Can’t keep a Queen down

A ma­jes­tic ocean liner is get­ting a bow to stern ren­o­va­tion and a club in the boiler room.

The Star Malaysia - Star2 - - Travel - By AN­DREW KHOURI

WHEN Joshua Sch­wandt stayed at the Queen Mary sev­eral years ago, he loved the Art Deco wood­work and the way the Ob­ser­va­tion Bar oozed an old-timey feel.

He wasn’t as ec­static about his age­ing ho­tel room. The shower only driz­zled wa­ter, and the bed felt like “one of those dorm room beds that have been slept on for 50 years”, he re­called.

“The ship is just su­per cool,” the 35-year old hu­man re­sources worker said. “But I think in this day and age, you just have an ex­pec­ta­tion of more com­fort or class.”

With con­sumers like Sch­wandt in mind, the city of Long Beach and a lo­cal de­vel­oper re­vealed last year a pri­vately fi­nanced US$15mil (RM64.36mil) makeover of the ship – part of a larger ef­fort to bring more peo­ple to the re­tired ocean liner and de­velop the 18.21ha ad­ja­cent­toit.

For the ren­o­va­tions, Los An­ge­les de­vel­oper Ur­ban Com­mons – which took over a long-term lease for the city-owned ship and ad­ja­cent land ear­lier last year – said it wants to give the Queen Mary the lux­u­ries of a bou­tique ho­tel, while pre­serv­ing the feel of a “by­gone era”.

Ho­tel cor­ri­dors will be re­habbed and larger flat screen TVs and faster WiFi will be added to the 346 state rooms and nine suites. So­fas, mat­tresses and car­pets will be re­placed within the rooms and show­ers up­graded.

The so­fas will be in their orig­i­nal Art Deco style and ex­ist­ing night stands, head boards and dressers will be re­fur­bished. Ur­ban Com­mons is even work­ing with Brin­tons, a Bri­tish com­pany that de­signed some of the orig­i­nal car­pet on board, to recre­ate pat­terns that ex­isted in 1936 when the ship em­barked on its maiden voy­age.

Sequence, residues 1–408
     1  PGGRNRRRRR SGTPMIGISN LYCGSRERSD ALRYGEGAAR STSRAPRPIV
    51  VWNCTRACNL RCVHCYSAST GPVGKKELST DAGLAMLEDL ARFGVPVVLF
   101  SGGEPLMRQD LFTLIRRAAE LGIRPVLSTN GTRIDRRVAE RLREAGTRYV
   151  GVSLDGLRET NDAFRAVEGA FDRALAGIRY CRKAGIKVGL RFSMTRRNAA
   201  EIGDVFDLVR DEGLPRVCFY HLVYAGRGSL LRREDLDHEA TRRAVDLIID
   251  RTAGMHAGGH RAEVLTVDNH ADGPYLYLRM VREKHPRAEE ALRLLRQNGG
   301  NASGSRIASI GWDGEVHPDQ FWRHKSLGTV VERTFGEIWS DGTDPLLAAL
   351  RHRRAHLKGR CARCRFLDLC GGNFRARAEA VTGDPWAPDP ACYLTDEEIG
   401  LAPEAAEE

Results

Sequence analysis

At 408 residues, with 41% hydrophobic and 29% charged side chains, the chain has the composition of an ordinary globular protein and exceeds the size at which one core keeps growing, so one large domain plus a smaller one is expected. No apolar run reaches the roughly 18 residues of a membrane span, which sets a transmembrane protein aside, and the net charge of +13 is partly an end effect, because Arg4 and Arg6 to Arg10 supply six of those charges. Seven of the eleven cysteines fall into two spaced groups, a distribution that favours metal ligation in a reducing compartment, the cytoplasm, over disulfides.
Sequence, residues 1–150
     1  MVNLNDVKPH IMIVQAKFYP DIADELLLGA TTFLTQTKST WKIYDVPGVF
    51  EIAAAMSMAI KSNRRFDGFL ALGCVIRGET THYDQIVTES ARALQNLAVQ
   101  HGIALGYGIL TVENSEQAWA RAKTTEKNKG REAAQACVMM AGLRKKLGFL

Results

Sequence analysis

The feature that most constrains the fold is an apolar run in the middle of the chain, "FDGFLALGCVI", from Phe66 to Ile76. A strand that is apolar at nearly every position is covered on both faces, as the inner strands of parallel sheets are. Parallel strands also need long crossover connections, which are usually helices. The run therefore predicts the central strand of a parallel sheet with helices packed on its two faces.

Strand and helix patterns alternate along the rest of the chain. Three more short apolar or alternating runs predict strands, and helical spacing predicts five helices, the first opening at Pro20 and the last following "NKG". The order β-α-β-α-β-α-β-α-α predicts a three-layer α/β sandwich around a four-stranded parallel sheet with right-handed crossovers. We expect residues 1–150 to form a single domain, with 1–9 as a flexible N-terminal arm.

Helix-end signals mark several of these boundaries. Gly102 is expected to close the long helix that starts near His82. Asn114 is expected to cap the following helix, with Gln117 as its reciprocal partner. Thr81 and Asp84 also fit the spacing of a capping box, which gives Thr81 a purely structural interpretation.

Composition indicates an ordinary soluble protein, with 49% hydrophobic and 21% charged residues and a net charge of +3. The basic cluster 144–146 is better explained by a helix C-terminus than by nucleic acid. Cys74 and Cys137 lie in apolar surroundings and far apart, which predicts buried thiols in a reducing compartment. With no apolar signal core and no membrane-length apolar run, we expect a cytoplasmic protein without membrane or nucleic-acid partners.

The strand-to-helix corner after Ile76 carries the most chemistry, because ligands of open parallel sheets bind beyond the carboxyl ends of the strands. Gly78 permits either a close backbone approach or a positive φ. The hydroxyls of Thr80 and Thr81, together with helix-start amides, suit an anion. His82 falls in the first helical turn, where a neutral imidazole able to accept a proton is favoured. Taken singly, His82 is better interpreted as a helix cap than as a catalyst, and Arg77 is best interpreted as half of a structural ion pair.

The rooms, which now av­er­age US$175 (RM751) a night, are be­ing spruced up in stages and the ho­tel will re­main open dur­ing ren­o­va­tions. The work is ex­pected to start in a few months and wrap up late next year.

“What we will do is greatly en­hance the guest ex­pe­ri­ence,” Ur­ban Com­mons prin­ci­pal Tay­lor Woods said. “We will stay true to the de­sign, but we will bring a con­tem­po­rary in­flu­ence to our ren­o­va­tions.”

The re­make will go be­yond the rooms and in­clude new en­ter­tain­ment op­tions, in part to at­tract con­sumers in the large mil­len­nial pop­u­la­tion.

De­tails must still be worked out with the city, but Woods said his com­pany wants to put a mu­sic club or speakeasy in the boiler room and add ameni­ties to the rear deck, in­clud­ing a cin­ema and sports area, where tourists could play shuf­fle board or bad­minton and wade in a shal­low pool.

Near the front of the ship, Ur­ban Com­mons wants to up­date the Ob­ser­va­tion Bar, which orig­i­nally served as the ship’s first-class lounge, and bring in more mu­si­cians, while ex­tend­ing seat­ing onto the deck to cre­ate an “in­door-out­door” ex­pe­ri­ence.

“The Queen Mary is one of our city’s most im­por­tant and best loved as­sets,” Mayor Robert Gar­cia said in a state­ment. “Th­ese ren­o­va­tions are a great op­por­tu­nity for our­down­tow­nandtheen­tirecity. We are look­ing to cre­ate an en­ter­tain­ment des­ti­na­tion with some­thing for every­body.”

Alan X. Reay, pres­i­dent of At­las Hos­pi­tal­ity Group, said ex­ist­ing ho­tels are in­creas­ingly ren­o­vat­ing to re­main com­pet­i­tive with new lodg­ings, which are un­der con­struc­tion in South­ern Cal­i­for­nia at a record rate.